There is a pilot project in the works in the City of Milwaukee to develop modular, affordable housing on city-owned vacant lots.
If successful, the project could begin to address the “jack-o’-lantern” effect, or patchwork of houses surrounded by vacant lots, created in some neighborhoods while also producing reasonably-priced homes.[caption id="attachment_352516" align="alignnone" width="770"] Dozens of vacant lots at North 15th Street and West Meinecke Avenue give the neighborhood a “jack-o’-lantern” effect.[/caption]
The project is in its infancy. It is also one of many being discussed at the city level since Milwaukee Mayor Tom Barrett called for the construction of 10,000 affordable housing units, especially in and around downtown, over the next 10 years, during his annual State of the City address in February.
Former Alderman Jim Bohl began leading the modular homes project in early May.
He resigned from his aldermanic seat on May 24 to take a position in Barrett’s administration as the city’s legislative fiscal manager in the Intergovernmental Relations Division.
Bohl knows he is up against a lot of obstacles with the modular home idea: Who will develop the homes? Where will they be located? Will the city run a rent-to-own program? Who will own them?
But as of April 2018, the city owned 2,956 vacant residential lots. And many city residents are looking for affordable housing options.
Bohl wanted to get something down on paper and modular homes (pre-fabricated houses without basements or a foundation), cost less than building from the ground up.
“This is something I wish I was going to be around longer to help shape, but I wanted to get the ball rolling,” Bohl said. “What we do know is there are too many significant gaps. We are not in a situation like Detroit or Gary, Indiana, but we know we need quality affordable housing in the city.”
Aldermen Russell Stamper, who represents the Sherman Park neighborhood and a portion of the city’s north side, and Jose Perez, who represents the Walker’s Point neighborhood and a portion of the city’s south side, are on an ad hoc committee evaluating the program.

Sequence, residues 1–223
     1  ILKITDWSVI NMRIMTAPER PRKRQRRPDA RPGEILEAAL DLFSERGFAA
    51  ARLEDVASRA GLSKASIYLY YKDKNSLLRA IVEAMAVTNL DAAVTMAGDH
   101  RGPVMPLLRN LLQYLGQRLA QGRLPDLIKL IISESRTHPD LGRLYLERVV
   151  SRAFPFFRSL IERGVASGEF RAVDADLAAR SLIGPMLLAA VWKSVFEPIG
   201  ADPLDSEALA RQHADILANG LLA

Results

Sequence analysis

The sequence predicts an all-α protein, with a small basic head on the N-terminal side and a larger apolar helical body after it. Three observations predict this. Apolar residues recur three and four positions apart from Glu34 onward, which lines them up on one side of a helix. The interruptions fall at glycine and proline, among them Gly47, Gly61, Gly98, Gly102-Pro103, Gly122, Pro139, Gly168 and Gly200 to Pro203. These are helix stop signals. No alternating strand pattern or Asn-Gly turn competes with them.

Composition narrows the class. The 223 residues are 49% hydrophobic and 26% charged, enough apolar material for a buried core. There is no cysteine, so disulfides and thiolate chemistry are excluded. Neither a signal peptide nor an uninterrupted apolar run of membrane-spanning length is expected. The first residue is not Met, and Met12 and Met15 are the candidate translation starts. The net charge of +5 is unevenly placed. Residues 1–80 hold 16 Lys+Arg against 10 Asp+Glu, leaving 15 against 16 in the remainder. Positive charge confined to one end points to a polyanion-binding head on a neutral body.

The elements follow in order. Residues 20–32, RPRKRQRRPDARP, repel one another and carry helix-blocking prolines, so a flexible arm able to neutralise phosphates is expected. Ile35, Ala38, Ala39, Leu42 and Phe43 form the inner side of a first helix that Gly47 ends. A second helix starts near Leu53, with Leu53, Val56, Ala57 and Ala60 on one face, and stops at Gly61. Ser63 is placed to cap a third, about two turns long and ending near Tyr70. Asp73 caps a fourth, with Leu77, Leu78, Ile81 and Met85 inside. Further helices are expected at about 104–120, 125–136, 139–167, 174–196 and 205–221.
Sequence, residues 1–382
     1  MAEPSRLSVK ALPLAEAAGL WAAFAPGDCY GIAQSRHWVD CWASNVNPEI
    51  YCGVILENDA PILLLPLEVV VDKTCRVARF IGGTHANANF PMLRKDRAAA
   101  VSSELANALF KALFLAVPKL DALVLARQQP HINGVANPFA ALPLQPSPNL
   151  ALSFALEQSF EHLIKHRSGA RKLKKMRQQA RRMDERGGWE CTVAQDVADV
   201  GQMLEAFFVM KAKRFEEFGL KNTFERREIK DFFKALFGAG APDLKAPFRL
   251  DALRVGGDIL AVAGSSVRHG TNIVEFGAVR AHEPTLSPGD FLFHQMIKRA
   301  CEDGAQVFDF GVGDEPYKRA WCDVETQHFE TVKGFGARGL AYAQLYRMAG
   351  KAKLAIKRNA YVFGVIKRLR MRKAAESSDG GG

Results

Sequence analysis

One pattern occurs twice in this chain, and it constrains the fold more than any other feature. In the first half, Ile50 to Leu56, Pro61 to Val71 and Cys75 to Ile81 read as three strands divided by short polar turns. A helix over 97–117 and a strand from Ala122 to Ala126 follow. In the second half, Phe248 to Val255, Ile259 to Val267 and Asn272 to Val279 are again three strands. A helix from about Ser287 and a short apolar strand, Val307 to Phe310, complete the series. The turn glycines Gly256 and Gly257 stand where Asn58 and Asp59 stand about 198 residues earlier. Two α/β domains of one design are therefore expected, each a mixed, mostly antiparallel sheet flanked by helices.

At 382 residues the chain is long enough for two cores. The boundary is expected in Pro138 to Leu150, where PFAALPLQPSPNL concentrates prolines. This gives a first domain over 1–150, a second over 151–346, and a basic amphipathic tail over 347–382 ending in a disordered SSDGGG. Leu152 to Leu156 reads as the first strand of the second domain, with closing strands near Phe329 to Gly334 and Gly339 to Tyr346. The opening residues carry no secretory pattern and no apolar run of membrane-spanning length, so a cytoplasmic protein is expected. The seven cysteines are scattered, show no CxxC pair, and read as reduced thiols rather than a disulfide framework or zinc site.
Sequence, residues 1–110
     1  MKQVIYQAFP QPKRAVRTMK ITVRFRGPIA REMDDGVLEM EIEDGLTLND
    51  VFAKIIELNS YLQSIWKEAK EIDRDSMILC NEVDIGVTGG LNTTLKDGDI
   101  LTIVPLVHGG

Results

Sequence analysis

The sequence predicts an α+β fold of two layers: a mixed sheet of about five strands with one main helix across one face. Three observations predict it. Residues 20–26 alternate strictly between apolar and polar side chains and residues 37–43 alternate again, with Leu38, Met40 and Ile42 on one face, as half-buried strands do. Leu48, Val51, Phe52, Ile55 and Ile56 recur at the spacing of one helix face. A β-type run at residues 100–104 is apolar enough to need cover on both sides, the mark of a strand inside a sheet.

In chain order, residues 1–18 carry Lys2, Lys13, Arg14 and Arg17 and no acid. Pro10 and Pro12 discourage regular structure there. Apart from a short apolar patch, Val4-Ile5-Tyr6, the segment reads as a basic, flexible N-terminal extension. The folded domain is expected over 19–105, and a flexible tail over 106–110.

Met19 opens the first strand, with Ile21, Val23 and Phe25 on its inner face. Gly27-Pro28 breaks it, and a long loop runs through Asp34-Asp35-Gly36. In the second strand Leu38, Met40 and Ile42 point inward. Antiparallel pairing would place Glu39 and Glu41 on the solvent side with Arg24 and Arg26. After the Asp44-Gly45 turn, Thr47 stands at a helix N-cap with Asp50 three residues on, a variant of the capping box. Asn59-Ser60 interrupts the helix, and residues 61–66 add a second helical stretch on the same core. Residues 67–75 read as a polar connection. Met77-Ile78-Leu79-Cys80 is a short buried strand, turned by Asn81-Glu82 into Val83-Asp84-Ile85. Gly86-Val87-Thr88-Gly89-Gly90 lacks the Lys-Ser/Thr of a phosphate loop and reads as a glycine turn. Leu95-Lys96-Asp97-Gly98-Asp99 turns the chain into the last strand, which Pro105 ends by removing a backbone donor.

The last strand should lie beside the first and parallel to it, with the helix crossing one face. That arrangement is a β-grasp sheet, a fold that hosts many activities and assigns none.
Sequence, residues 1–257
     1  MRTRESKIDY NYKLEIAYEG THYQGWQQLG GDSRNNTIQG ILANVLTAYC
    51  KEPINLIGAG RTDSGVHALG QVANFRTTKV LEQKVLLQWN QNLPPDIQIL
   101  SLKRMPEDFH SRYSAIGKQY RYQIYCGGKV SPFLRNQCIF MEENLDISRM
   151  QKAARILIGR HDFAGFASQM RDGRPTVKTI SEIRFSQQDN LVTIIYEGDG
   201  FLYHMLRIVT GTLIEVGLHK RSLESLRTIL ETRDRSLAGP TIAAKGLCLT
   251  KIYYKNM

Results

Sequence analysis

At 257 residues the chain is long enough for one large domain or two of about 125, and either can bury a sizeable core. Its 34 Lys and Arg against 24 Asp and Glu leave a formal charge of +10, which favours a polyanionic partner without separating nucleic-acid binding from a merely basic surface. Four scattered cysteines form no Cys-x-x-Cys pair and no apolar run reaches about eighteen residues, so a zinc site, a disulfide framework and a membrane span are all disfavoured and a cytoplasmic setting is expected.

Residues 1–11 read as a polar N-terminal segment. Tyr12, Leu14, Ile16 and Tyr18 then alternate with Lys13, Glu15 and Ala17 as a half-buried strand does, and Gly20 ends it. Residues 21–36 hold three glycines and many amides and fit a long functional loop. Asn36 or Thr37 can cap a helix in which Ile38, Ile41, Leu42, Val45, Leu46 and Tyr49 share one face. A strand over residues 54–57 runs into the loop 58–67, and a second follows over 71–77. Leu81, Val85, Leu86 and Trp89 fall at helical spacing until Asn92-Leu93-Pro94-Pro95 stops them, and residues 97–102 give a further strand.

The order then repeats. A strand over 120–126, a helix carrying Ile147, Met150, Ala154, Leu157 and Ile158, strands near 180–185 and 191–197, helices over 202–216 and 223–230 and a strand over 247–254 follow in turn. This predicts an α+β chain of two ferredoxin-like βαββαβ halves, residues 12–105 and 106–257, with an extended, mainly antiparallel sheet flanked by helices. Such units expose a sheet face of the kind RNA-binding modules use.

Neither returned phone calls or emails seeking comment for this report.
The group has met with Oregon, Wisconsin-based developer Gorman & Co. LLC, Habitat for Humanity and Travaux Inc., the real estate development arm of the Housing Authority of the City of Milwaukee.
“Our desire is to build off our community assets,” Bohl said. “Where we have a number of properties, fairly close by that would make these developments conducive to the builder, but at this point, we also don’t want to set expectations too high.”
The program is not a direct result of Barrett’s February call for 10,000 more affordable housing units, but would run parallel to it, Bohl said.
“It fits the commitment the mayor expressed and a commitment that is shared by the (Common) Council to provide more affordable housing,” Bohl said. “If we are able to do something like this and it proves to be productive, it is worth coming together to discuss.”
In February, Barrett said he wants to work with private developers to ensure downtown Milwaukee is not exclusively a place for people with higher incomes to live.
The mayor is ready to commit tax increment financing to incentivize the creation of thousands of affordable housing units over the next decade, something the city does not typically do for residential housing developments.
Besides using TIF money, Barrett said he also wants to expand the STRONG Home Loans Program, a city program that issues partially forgivable loans for home repair.